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Naqsh-e Rustam: a lasting memory of a once powerful empire

Scott Antony

Located approximately 5 kilometers to the northwest of Persepolis, the capital of the ancient Persian Empire, Naqsh-e Rustam (meaning Throne of Rustam) is an ancient necropolis for four Achaemenid rulers and their families from the fifth and fourth centuries BCE. In addition to being a royal necropolis, Naqsh-e Rustam became a major center of sacrifice and celebration for the Sasanians between the third and seventh century CE.

The tombs belong to Achaemenid kings and are known locally as the ‘Persian crosses’, due to the façade of the tombs, which resembles a cross. The entrance to each tomb is at the center of each cross, which opens onto to a small chamber, where the king lay in a sarcophagus. The horizontal beam of each of the tomb’s facades is believed to be a replica of the entrance of the palace at Persepolis.

The tombs are burial chambers carved into the side of the hill rock. Photo Credit

The tombs are burial chambers carved into the side of the hill rock. Photo Credit

 

It was considered a sacred mountain range in the Elamite periods. Photo Credit

It was considered a sacred mountain range in the Elamite periods. Photo Credit

 

The tombs are locally known as the ‘Persian crosses’, after the shape of the facades of the tombs. Photo Credit

The tombs are locally known as the ‘Persian crosses’, after the shape of the facades of the tombs. Photo Credit

 

They are all at a considerable height above the ground. Photo Credit

They are all at a considerable height above the ground. Photo Credit

 

The oldest of the tombs is attributed to Darius I, and the other three to his successors on the basis of indirect stylistic evidence. Photo Credit

The oldest of the tombs is attributed to Darius I, and the other three to his successors on the basis of indirect stylistic evidence. Photo Credit

Carved side-by-side into the hill rock, the facades of the cruciform tombs resemble the living quarters of the palaces at Persepolis.

Although there are four tombs, only one of them, the oldest, can be positively identified as the tomb of Darius I the Great (c. 522-486 BC), the third ruler of the Achaemenid Empire. The facade contains inscribed text and the engraved panel that forms the top arm of the cross shaped façade contains an image of Darius standing in prayer before a fire altar.

Tomb of Darius I. Photo Credit

Tomb of Darius I. Photo Credit

 

Tomb of Darius I the Great, close view Photo Credit

Tomb of Darius I the Great, close view Photo Credit

 

From left to right, the tombs of Artaxerxes I and Darius the Great, with Sassanid-era bas-reliefs below. Photo Credit

From left to right, the tombs of Artaxerxes I and Darius the Great, with Sassanid-era bas-reliefs below. Photo Credit

 

 

Tomb of Xerxes I‎. Photo Credit

Tomb of Xerxes I‎. Photo Credit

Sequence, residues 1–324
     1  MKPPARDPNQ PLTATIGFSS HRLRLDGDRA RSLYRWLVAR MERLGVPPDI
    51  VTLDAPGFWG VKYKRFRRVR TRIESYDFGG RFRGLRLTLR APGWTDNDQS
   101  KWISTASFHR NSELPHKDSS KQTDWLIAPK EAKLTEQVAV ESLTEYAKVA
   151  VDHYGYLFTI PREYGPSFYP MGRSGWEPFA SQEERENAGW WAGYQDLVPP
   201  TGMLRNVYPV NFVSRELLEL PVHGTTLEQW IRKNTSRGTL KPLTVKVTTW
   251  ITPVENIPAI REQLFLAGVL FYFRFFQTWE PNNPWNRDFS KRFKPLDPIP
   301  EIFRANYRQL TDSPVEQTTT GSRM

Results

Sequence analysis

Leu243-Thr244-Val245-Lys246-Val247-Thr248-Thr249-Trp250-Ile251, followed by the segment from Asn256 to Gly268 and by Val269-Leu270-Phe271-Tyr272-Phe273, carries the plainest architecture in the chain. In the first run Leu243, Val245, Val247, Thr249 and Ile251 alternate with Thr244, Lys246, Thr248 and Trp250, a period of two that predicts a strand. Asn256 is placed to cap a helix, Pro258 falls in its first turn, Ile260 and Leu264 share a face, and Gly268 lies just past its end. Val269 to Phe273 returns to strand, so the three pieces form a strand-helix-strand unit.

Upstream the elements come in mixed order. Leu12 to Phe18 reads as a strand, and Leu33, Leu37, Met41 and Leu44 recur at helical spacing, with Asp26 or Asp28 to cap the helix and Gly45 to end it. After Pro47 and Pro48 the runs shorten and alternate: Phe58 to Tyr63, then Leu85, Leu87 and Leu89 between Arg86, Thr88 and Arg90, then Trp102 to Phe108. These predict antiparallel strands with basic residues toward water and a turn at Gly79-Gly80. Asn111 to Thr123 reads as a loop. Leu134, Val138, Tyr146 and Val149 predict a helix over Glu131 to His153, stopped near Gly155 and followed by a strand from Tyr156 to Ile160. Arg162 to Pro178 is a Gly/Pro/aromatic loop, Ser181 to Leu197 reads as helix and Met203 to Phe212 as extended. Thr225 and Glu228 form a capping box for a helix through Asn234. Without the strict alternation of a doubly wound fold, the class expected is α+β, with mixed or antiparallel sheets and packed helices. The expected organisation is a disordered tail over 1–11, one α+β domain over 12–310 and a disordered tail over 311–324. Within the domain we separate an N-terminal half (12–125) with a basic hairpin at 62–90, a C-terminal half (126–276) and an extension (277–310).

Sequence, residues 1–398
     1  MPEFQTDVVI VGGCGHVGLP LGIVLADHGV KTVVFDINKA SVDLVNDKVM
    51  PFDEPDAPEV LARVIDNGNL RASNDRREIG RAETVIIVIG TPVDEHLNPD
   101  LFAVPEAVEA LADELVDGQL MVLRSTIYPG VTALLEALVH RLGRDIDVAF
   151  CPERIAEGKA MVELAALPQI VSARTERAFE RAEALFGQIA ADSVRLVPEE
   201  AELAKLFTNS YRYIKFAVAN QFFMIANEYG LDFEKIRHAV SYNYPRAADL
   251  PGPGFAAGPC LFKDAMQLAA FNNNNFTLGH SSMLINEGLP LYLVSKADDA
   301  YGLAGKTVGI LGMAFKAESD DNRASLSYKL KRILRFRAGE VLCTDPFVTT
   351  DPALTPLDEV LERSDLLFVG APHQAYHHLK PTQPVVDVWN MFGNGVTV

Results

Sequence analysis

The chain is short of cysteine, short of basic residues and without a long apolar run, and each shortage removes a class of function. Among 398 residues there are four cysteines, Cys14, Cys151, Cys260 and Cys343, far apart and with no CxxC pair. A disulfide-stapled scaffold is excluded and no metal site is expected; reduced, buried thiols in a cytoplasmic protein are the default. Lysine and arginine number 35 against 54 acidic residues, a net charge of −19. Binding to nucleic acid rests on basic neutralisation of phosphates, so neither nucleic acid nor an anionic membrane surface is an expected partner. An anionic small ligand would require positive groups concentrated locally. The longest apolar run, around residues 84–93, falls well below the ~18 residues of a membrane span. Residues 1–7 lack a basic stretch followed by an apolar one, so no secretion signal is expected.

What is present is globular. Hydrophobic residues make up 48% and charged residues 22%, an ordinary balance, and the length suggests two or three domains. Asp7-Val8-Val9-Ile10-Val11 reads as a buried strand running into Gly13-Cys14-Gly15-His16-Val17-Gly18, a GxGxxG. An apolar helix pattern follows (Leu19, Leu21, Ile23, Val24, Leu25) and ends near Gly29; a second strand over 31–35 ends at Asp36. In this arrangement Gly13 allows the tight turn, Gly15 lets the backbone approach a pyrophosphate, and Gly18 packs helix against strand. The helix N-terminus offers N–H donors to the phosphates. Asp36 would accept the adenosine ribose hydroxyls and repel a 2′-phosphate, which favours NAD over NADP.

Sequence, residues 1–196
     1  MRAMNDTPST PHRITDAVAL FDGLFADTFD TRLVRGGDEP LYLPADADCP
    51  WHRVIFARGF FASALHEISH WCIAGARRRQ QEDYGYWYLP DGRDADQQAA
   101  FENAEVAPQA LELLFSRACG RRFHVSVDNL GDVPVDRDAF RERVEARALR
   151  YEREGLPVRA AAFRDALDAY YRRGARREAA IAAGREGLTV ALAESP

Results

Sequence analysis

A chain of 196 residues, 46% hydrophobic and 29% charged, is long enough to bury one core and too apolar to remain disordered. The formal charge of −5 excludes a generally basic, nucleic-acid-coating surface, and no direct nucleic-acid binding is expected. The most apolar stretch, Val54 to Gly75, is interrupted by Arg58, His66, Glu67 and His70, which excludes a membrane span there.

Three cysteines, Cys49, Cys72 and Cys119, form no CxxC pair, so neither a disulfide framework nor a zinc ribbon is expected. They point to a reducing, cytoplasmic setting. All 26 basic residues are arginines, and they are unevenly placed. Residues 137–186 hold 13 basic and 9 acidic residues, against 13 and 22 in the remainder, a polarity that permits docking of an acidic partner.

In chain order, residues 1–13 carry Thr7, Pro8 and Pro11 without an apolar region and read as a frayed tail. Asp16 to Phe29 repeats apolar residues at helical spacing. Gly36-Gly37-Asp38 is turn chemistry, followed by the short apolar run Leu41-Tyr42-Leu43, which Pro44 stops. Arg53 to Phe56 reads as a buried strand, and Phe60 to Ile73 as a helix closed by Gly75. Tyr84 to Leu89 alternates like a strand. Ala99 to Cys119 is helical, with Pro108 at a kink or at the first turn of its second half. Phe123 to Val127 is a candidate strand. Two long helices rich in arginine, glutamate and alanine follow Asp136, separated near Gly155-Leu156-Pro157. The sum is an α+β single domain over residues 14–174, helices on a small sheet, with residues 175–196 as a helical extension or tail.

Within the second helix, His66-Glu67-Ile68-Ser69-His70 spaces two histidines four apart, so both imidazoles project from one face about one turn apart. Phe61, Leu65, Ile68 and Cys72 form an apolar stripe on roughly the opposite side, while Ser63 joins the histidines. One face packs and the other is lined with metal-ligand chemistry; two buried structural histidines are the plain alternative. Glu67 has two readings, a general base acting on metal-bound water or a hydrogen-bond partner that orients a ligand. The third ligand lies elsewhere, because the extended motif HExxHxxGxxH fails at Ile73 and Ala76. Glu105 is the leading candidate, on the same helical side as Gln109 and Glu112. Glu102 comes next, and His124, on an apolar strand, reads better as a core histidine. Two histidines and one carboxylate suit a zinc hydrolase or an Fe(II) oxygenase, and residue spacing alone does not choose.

Tomb of Xerxes I, detail. Photo Credit

Tomb of Xerxes I, detail. Photo Credit

 

Tomb of Xerxes I detail. Photo Credit

Tomb of Xerxes I detail. Photo Credit

 

The tombs of Darius I (left) and Artaxerxes I (middle). Photo Credit

The tombs of Darius I (left) and Artaxerxes I (middle). Photo Credit

Later, three similar royal rock tombs were added and they are believed to belong to Darius’ successors, Xerxes I (c. 486-465 BC), Artaxerxes I Makrocheir (c. 465-424 BC) and Darius II (c. 423-404 BC).

It is believed that all the tombs were looted and desecrated following the invasion of the Achaemenid empire by Alexander the Great during the 4th century BC.

Tomb of Artaxerxes I‎. Photo Credit

Tomb of Artaxerxes I‎. Photo Credit

 

Sassanid Era Bas Relief. Photo Credit

Sassanid Era Bas Relief. Photo Credit

 

Cube of Zoroaster, a cube-shaped construction in the foreground, against the backdrop of Naqsh-e Rustam. Photo Credit

Cube of Zoroaster, a cube-shaped construction in the foreground, against the backdrop of Naqsh-e Rustam. Photo Credit

 

It is square at its base, each side measuring 7.25 m. Photo Credit

It is square at its base, each side measuring 7.25 m. Photo Credit

One of the mysteries of the site is the purpose of the Kabah-i Zardusht (translated as the Cube or Enclosure of Zarathustra). It is a rectangular stone tower, mostly solid except for a small room at the top that faces the cliffside, set roughly in front of tomb number four (the westernmost Achaemenid-era tomb). Various interpretations have been proposed for its purpose – a royal treasury, a tomb, a fire temple, or even an astronomical observatory and calendar.

Read another story from us: Ibn Sina, the great Persian polymath and physician, never demanded money from his patients

Today, Naqsh-e Rustam stands as a lasting memory of a once powerful empire that ruled over a significant portion of the ancient world.